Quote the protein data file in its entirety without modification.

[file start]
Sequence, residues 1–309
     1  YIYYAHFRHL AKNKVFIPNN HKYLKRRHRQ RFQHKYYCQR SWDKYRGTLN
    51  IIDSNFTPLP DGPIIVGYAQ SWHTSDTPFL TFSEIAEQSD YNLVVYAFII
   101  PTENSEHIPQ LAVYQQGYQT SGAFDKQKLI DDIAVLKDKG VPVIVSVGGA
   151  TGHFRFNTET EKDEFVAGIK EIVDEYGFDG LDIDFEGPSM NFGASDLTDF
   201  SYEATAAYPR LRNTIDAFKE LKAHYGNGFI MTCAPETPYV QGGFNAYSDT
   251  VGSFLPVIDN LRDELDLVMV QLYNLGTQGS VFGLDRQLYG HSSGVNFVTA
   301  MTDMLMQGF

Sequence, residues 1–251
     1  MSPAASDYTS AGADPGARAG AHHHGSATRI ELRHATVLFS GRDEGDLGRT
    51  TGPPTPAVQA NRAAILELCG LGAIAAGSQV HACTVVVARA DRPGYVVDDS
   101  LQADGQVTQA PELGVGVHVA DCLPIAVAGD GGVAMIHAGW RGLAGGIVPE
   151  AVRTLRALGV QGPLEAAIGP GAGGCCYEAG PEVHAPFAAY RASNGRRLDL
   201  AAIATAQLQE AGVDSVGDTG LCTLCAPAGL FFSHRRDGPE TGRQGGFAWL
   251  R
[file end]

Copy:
Sequence, residues 1–309
     1  YIYYAHFRHL AKNKVFIPNN HKYLKRRHRQ RFQHKYYCQR SWDKYRGTLN
    51  IIDSNFTPLP DGPIIVGYAQ SWHTSDTPFL TFSEIAEQSD YNLVVYAFII
   101  PTENSEHIPQ LAVYQQGYQT SGAFDKQKLI DDIAVLKDKG VPVIVSVGGA
   151  TGHFRFNTET EKDEFVAGIK EIVDEYGFDG LDIDFEGPSM NFGASDLTDF
   201  SYEATAAYPR LRNTIDAFKE LKAHYGNGFI MTCAPETPYV QGGFNAYSDT
   251  VGSFLPVIDN LRDELDLVMV QLYNLGTQGS VFGLDRQLYG HSSGVNFVTA
   301  MTDMLMQGF

Sequence, residues 1–251
     1  MSPAASDYTS AGADPGARAG AHHHGSATRI ELRHATVLFS GRDEGDLGRT
    51  TGPPTPAVQA NRAAILELCG LGAIAAGSQV HACTVVVARA DRPGYVVDDS
   101  LQADGQVTQA PELGVGVHVA DCLPIAVAGD GGVAMIHAGW RGLAGGIVPE
   151  AVRTLRALGV QGPLEAAIGP GAGGCCYEAG PEVHAPFAAY RASNGRRLDL
   201  AAIATAQLQE AGVDSVGDTG LCTLCAPAGL FFSHRRDGPE TGRQGGFAWL
   251  R